Formerly known as MOFAS: Minnesota Organization on Fetal Alcohol Syndrome

Exciting News
from MOFAS

If you're looking for the Minnesota Organization on Fetal Alcohol Syndrome (MOFAS) you have come to the right place. We have some exciting news about our organization. We have a new name! MOFAS has officially been renamed Proof Alliance. Our mission remains the same: to prevent prenatal alcohol exposure and to improve the quality of life for people living with fetal alcohol spectrum disorders (FASD).

Why PR%F

We now have the proof that prenatal alcohol exposure is a leading cause of brain injury in children. We have the proof that FASD is 100% preventable and people living with an FASD can reach 100% of their potential.

Why Alliance?

We seek to build powerful alliances with people with an FASD, their families, legislators, experts in the field, new partners, and community members to bring awareness, research, and services to this field.

What's Next?

Proof Alliance is rebranding, expanding, and we're moving! We have a new logo, website, and prevention campaign to help change the norms around drinking during pregnancy. And in May 2019 we will be moving to a stand-alone building. Proof Alliance commits to the people of Minnesota and we will continue to develop transformative programs to help Minnesotans impacted by FASD.

Employment

What?

Employment options and skill development is one of the core pieces when transition planning is taking place. In recent years, the state has put increasing importance on finding meaningful, competitive employment for youth transition from the high school setting. Employment options include competitive employment where the individual applies for and secures a job through traditional methods; Customized employment where the employing agency enters in to a contract with a specific job site that will meet the needs of the individual with a disability; Community based employment where a job coach supervises several individuals doing the same job. Wages from that job are then shared among those individuals; and Onsite employment where the individual works at an supportive employment agency site that provides Day training and habilitation which includes job training, recreation and therapeutic component.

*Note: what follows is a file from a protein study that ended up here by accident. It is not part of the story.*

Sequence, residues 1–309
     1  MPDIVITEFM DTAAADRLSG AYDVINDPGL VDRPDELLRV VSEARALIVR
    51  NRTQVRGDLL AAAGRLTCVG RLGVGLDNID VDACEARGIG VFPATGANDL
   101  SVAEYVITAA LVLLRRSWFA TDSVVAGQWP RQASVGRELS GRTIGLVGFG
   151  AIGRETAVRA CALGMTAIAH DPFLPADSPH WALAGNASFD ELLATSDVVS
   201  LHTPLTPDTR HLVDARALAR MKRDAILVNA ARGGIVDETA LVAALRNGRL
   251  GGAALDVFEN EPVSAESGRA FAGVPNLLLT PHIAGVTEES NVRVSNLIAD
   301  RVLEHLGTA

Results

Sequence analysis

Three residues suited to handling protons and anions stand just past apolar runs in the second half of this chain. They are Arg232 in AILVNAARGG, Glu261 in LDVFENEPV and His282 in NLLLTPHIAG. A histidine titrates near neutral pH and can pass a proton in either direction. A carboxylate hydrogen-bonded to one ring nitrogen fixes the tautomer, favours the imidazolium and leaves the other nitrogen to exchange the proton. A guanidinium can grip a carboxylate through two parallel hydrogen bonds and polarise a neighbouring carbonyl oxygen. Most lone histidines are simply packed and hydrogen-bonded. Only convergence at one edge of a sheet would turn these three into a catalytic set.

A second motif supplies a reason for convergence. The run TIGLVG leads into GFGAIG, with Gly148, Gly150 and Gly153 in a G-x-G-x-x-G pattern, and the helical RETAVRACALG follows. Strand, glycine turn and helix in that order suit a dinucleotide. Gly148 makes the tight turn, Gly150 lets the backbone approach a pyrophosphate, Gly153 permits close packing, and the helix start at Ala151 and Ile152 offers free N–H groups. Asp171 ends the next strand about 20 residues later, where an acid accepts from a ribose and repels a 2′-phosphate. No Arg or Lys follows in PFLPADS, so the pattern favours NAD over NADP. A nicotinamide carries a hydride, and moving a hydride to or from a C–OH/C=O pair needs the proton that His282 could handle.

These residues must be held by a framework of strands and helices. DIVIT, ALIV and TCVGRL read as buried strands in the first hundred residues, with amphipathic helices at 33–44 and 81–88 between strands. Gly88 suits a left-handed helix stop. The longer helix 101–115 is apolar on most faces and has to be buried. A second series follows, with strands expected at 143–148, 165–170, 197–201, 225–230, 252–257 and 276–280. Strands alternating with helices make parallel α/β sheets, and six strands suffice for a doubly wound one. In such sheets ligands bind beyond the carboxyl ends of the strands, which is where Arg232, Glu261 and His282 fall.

Who?

Students of transition age (14-21) who are receiving special education services or students of transition age that are in the process of assessment for those services must have employment skill development incorporated into their Individual Education Plan. The IEP team gathers information from a variety of sources to guide them in possible employment options. Vocational Rehabilitation counselor and supportive employment agencies should also be a part of that discussion.

How?

Through the IEP assessment process job skills and strengths as well as needs should be identified. If they have not, ask for a job skill inventory assessment. Successful employment, regardless of the option selected will require some modifications. Strategies such as repetitive learning, breaking the task down in to smaller tasks, using a cueing system to assist with memory deficits, frequent breaks to minimize frustrations and to check for understanding and the development of soft skills will help the new employee be successful.

Where?

MN Vocational Rehabilitation Services: http://bit.ly/1bv5uGh
PACER: http://bit.ly/1e4kTTM

What are soft skills?
Youth with good “soft skills” will be more successful in gaining and keeping a job.

Soft skills is the ability to understand the “unspoken” rules in a work place such as personal boundaries, sense of humor, knowing when to share and what to share with co-workers and the boss.

For an individual with an FASD, reading social cues and understand those unspoken rules can be a challenge. Educating the employer and fellow employees about FASD can help smooth those transitions and make for a successful employment experience.

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Resources

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Pregnancy

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